EL PASO COUNTY, Colo. — Two years ago, presenting in front of the El Paso County Board of Commissioners, Coroner Dr. Leon Kelly, with statistical data, called the effect of fentanyl on our community “a crisis.”

According to the Drug Enforcement Administration, fentanyl is a synthetic opioid typically used to treat patients with chronic severe pain or pain following surgery. It is similar to morphine, but about 100 times more potent.

During his 2020 presentation, Kelly was citing more than a dozen fentanyl-related deaths. By the end of the year, that number climbed to 47. The number more than doubled a year later, with 99 deaths attributed to Fentanyl.

“Fentanyl causes death like all other opioids by suppressing your central nervous system resulting in sedation, unconsciousness, and suppression of respiratory drive,” Dr. Kelly told FOX21 then. “It essentially causes you to fall asleep and stops your breathing.”

In addition to the 99 accidental Fentanyl-related deaths, the Coroner has noted two Fentanyl-related suicides, bringing the total lives lost to Fentanyl in our community to 101.

Even more concerning, in some respects, is the young age of some of those victims. In 2021, five children were killed by the drug. They were ages 1, 5, 15, and two 17-year-old.

In one 2022 Colorado Springs case, a teenager overdosed on fentanyl and died. Court records show his mother provided him the money to buy the pills and connected him and his friends to the people selling the drugs.

And, according to a release from the District Attorney’s Office, that shift to a younger population is due in part to the current pill form that is easily trafficked and ingested, its widespread contamination of other drugs of abuse, its high toxicity even in small amounts, and its pervasiveness in the community.

Unfortunately, the release stated, if these trends continue through the first quarter of 2022, we are on pace to eclipse last year’s total with over 100 deaths – including two minors to day.

With assistance from the El Paso County Public Health Department’s Office of Data and Analytics, fentanyl death maps based on El Paso County Coroner data have been created to identify hot spots of fentanyl use.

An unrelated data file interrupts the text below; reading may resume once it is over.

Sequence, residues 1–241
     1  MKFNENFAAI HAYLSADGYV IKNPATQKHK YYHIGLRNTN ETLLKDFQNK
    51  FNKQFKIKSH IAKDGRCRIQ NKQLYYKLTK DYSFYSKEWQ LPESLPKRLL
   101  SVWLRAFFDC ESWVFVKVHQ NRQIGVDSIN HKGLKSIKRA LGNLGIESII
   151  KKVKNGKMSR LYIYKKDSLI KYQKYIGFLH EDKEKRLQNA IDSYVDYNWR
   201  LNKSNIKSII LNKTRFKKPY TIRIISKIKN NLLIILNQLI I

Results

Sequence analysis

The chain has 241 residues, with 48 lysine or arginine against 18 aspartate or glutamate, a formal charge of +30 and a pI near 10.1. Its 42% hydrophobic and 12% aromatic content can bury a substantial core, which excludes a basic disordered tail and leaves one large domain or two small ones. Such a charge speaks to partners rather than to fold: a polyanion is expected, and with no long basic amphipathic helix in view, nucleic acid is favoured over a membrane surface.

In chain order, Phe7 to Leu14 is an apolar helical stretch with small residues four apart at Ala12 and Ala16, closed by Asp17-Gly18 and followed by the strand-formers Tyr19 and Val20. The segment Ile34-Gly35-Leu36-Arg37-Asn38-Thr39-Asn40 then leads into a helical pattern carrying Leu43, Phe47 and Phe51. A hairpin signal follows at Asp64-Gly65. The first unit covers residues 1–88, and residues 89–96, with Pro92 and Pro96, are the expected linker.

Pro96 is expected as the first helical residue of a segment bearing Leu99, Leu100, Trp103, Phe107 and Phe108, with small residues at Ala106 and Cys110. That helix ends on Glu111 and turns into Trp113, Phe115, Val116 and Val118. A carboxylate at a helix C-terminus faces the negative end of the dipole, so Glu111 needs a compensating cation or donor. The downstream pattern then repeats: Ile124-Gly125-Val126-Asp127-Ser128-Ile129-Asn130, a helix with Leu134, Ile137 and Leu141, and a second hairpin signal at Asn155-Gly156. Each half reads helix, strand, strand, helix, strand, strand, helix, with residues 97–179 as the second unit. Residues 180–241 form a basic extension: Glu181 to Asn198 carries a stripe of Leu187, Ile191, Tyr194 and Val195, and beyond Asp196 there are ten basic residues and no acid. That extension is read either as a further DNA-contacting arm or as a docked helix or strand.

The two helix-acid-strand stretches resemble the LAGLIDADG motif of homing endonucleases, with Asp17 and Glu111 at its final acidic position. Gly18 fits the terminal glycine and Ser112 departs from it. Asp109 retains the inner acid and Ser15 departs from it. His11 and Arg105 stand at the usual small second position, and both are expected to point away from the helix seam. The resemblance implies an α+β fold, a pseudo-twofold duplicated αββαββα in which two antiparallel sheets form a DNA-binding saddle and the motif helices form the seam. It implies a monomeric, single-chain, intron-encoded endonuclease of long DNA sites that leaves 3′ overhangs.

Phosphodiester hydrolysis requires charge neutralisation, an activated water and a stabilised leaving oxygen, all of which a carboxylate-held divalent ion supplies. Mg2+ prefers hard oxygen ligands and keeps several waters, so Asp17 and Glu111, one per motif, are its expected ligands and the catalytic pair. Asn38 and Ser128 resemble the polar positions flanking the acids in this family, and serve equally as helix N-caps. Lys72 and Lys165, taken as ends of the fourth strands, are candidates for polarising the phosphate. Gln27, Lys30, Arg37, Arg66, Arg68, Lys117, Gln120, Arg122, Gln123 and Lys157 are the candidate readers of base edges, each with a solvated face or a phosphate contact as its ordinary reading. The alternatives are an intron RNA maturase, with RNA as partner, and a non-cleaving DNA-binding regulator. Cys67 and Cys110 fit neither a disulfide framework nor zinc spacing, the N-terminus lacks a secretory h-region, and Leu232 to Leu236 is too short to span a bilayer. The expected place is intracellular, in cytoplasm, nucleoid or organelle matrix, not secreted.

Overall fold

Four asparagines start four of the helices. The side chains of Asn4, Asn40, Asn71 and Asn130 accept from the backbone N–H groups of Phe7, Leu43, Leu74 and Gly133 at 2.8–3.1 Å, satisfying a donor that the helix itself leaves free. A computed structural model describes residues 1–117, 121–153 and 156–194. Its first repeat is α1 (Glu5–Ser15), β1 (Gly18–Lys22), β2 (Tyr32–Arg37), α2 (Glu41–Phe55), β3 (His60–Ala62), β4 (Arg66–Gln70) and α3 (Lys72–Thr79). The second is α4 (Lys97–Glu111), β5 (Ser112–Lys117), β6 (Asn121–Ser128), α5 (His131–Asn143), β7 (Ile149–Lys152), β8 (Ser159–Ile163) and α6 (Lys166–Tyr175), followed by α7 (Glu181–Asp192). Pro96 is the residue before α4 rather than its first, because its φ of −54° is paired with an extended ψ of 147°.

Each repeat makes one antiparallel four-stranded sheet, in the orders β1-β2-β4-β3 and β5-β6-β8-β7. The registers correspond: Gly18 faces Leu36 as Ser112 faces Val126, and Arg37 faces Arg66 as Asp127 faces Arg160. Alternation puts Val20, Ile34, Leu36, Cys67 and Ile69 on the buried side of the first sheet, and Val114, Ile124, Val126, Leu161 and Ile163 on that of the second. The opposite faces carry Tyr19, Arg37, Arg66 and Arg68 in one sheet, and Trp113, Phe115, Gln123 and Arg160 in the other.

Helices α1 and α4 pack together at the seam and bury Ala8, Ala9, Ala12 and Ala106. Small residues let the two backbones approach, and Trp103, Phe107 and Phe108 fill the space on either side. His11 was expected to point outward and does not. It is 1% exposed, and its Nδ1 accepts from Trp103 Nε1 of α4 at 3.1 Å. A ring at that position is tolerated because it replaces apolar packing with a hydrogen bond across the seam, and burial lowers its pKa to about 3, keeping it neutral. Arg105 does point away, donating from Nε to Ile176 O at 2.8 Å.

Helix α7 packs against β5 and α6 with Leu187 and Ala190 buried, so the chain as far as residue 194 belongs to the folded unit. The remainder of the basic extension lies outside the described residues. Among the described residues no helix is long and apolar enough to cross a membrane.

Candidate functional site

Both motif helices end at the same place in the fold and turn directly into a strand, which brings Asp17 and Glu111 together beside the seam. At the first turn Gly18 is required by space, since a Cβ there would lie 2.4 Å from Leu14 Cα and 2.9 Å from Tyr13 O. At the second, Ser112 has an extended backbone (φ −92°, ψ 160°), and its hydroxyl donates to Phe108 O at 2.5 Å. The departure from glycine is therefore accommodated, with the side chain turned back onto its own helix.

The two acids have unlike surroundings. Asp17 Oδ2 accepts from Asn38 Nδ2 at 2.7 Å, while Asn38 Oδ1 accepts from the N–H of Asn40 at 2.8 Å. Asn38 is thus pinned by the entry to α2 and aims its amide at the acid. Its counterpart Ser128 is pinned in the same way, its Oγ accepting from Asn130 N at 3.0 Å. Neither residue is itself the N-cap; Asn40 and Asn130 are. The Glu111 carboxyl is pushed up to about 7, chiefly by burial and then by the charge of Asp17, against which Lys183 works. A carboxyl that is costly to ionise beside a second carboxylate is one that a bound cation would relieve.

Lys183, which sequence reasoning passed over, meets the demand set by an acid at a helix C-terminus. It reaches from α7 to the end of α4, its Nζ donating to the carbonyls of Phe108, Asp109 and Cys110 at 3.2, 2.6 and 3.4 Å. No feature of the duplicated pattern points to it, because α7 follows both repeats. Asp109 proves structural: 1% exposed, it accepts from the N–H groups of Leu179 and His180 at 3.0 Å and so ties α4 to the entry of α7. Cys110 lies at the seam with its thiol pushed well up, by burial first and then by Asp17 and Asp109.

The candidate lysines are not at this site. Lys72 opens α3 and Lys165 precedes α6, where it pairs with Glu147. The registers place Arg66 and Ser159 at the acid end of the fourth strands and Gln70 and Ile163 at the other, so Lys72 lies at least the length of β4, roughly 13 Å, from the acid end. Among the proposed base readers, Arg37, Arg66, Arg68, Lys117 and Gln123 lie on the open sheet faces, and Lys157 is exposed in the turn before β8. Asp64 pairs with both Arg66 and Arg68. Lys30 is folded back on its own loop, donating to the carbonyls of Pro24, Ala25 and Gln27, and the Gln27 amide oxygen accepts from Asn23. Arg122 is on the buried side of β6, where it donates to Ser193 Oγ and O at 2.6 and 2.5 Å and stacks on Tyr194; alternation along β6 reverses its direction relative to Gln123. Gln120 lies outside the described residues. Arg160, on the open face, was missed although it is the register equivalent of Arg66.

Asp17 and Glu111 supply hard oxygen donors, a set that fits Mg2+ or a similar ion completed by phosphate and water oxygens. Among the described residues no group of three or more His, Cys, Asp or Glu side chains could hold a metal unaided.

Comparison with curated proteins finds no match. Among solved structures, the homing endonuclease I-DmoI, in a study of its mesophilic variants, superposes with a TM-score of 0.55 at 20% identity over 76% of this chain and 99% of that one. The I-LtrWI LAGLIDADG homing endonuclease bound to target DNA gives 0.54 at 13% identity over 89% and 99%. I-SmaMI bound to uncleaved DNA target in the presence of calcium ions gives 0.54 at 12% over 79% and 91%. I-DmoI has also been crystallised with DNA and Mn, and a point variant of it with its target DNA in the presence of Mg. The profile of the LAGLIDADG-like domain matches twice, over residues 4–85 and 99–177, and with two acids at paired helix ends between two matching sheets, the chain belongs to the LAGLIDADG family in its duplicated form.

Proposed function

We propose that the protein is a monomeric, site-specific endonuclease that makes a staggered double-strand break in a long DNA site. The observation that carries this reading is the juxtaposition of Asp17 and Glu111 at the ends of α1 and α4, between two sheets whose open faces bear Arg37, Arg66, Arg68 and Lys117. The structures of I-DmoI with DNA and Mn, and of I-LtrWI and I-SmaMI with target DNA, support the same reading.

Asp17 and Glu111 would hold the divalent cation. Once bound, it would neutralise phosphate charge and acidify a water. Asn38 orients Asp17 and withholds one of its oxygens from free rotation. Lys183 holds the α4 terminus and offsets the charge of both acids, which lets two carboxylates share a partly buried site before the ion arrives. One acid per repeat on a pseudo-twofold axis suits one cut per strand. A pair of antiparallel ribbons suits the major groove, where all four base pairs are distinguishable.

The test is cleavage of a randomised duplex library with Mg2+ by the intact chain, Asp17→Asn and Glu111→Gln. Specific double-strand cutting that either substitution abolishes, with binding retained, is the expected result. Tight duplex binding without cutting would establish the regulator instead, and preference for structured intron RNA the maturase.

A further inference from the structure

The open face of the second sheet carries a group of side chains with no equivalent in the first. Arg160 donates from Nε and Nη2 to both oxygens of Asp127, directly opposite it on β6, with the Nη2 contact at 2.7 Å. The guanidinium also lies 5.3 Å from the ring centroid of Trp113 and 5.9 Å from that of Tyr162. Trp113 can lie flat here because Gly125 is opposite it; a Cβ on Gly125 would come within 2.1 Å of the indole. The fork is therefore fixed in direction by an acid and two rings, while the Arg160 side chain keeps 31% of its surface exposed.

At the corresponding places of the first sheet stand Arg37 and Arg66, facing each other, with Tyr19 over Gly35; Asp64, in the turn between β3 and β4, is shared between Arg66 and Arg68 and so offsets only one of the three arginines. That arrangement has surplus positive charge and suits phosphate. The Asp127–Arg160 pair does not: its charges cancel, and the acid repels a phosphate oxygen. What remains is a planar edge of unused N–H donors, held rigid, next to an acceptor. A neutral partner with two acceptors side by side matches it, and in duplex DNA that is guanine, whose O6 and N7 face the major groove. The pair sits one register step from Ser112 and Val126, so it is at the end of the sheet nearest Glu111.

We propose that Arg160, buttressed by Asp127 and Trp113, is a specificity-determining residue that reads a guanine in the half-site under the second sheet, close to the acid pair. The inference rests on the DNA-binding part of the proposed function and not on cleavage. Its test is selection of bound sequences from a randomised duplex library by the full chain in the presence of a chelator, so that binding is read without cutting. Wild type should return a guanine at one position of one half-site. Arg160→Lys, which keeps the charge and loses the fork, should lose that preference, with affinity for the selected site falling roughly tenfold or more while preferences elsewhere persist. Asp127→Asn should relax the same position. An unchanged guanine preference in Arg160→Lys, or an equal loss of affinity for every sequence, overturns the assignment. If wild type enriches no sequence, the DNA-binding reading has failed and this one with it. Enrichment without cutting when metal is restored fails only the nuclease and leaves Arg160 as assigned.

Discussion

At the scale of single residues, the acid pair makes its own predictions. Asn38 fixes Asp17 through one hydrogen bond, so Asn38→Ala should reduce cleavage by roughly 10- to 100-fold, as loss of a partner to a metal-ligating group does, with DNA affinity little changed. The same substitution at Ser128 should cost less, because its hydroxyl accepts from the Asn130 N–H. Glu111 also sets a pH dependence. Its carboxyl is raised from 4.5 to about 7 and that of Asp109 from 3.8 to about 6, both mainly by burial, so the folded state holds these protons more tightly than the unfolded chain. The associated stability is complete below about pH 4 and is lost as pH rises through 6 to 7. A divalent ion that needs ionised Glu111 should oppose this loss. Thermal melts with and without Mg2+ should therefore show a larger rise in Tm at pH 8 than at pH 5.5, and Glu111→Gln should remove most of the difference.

Cluster map representing fentanyl deaths based on zip codes.
Heat map based on addresses that indicate density of fentanyl-related deaths.

The incidence maps above show the locations at which people were found after overdosing, or where they were picked up for treatment before ultimately passing away.

The District Attorney’s office noted the maps could suggest areas of investment in prevention including education and outreach to potential victims, as well as increased efforts against trafficking.

Good Samaritan Law

If you are with someone who overdoses, even if you are the person who sold or gave them the drug that caused the overdose, a law in Colorado protects you if you call for help.

The 911 Good Samaritan Law was passed as part of Colorado’s Harm Reduction Legislation. It also grants immunity for the person who is overdosing.

Law enforcement officers are also equipped with Naxolone and Narcan, which are used to reverse the effects of opioid overdoses, and are also available to the general public.

Third-Party Naxolone, also part of the state’s Harm Reduction Legislation, protects from prosecution anyone who administers Naxolone in “good faith”.

Where to get help

Colorado Crisis Services
Colorado Treatment Services
Peaks Recovery Centers
Recovery Unlimited